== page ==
Water transport. Big boats, small boats, speed boats. Power or sail or oars, I’ve done all of them. Hovercrafts. Most of us have experienced many of these at one time or another. Wind-surfing. Couldn’t get the hang of it at all to begin with, and kept falling in the water. Then, suddenly, everything clicked and I was away. A fabulous feeling of freedom, and yet being in control. And then lots of aching muscles the following day. And as for under the water… I’ve been in two submarines, once in the Mediterranean (too muddy to see much, and not much to see anyway) and once in the Red Sea, when the water was crystal clear and the fish many and varied and very colourful. These tourist subs are like small aircraft with seats by little round portholes, and are great fun. Which brings me to snorkelling, which I adore. You are exploring a new world that is so different from the one on
Iguana
land that it is utterly addictive. I’ve seen Galapagos iguanas that feed on the sea floor, sea lions that wanted to play with me, huge turtles that were just quietly going about their own business. I’ve been head-butted by fish which felt I was encroaching on their spawning grounds, and made eye contact with an octopus. And the beauty of the coral and the seaweed and the anemones beats any garden. So what’s left – Scuba diving, which I can’t do for health reasons, and water ski-ing.
Uzbekistan bullet train
Land travel. In my student days I hitchhiked a lot, which meant that I got to travel in anything from Rolls Royces and E-type Jaguars to Robin Reliants, 2CVs and motorbikes. Not sure there’s much to be said about cars, although I had a few dodgy experiences in lorries abroad. But the vast majority of people were incredibly kind, and would go out of their way to get you where you wanted to go, and sometimes even buy you a meal. Train travel – anything from wretched Southern Region to bullet trains in China and Uzbekistan. Overnight trains are the most interesting. The one from Lviv to Kiev had a place to store your champagne bottle, and a lounge with easy chairs bolted to the floor and curtains at the windows. In India it was suggested that you kept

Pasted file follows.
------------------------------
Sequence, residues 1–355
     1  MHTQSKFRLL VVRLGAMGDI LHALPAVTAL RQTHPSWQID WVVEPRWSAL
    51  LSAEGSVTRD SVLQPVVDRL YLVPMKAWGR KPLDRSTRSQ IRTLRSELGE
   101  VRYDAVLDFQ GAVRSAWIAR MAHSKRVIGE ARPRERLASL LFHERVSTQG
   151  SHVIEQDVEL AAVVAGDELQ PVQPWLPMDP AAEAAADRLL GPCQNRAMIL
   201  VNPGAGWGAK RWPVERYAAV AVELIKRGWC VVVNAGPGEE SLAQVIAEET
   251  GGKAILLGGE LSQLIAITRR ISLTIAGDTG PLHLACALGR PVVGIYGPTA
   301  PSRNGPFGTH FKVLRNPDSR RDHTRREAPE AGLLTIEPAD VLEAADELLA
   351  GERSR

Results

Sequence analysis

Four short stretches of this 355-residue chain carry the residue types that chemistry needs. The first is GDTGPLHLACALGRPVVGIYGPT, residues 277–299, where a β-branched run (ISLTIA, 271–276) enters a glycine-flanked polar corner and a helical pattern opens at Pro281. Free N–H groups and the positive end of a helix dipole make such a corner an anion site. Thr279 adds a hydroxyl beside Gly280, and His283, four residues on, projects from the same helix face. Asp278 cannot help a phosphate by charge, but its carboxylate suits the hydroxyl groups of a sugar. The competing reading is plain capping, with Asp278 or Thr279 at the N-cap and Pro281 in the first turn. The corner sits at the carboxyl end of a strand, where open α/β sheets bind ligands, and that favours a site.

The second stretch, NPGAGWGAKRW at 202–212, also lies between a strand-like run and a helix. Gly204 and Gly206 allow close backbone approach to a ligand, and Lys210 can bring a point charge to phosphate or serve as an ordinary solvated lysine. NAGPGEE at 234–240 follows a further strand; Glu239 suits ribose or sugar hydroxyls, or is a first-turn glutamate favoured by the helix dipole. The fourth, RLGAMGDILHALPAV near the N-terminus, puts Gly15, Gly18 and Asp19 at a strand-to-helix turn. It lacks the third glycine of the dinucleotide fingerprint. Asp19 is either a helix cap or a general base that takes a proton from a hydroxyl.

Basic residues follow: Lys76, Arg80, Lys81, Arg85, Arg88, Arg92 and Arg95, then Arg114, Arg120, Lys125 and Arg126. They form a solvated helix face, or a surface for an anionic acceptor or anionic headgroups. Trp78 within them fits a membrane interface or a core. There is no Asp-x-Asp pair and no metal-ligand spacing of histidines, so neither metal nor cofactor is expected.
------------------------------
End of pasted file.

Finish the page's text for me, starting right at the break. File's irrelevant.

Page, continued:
Camel ride in Mongolia
your luggage secure with chains, and use the local toilet rather than the Western one, as the locals know how to keep it reasonably hygienic. Trams in many places – a good way of getting about, but not necessarily the fastest. I’ve ridden horses and camels, both Dromedaries and Bactrians, and travelled in horse-drawn carts and a proper carriage in Krakow. In Madagascar the carts were pulled by Zebus, a sort of cow with a hump. Riding an elephant was the most interesting, however, as they are very intelligent indeed. The one I was on in Sri Lanka knew where the banana sellers were, and used to slow down as he approached them. Of course we bought some, and fed them to his questing trunk as we went along.

My friend the cuttlefish

I have a huge back-catalogue of transport ideas, and it’s the little details like the cuttlefish
following me around in the China Sea out of sheer curiosity and the Russian truck belting across the Gobi Desert without anything that looked remotely like a road to guide the driver that stay with me. And I’ve often combined experiences to create something new when I’m writing fantasy. I couldn’t have done it without the raw material in the first place.

1 comment:

Umberto Tosi said...

Thanks for taking us on your amazing adventures, which as you point out, have involved so many modes of travel, both common and exotic. I can't say I've boarded half of these conveyances. I'd certainly go for a hovercraft ride the way you describe it. I did have to research types of 16th-century European ships, and river barges, coaches and roads for my picaresque, historical novel Ophelia Rising. One small note: I never realized that Uzbekistan has a bullet train! Decades of tryng and the mighty (fast declining, I'm afraid) United States can't seem to build any - save the Acela from Boston to DC via NY, but it's not really a bullet train, just a speedy deisel electric affair. Our largest state, California, just threw in the towel on its decades-old bullet train project - bogged down by nimbys, speculators and lobbyists for oil companies trying to corrupt and/or stop it. Pathetic. Anyway, kudos to you for another fine post!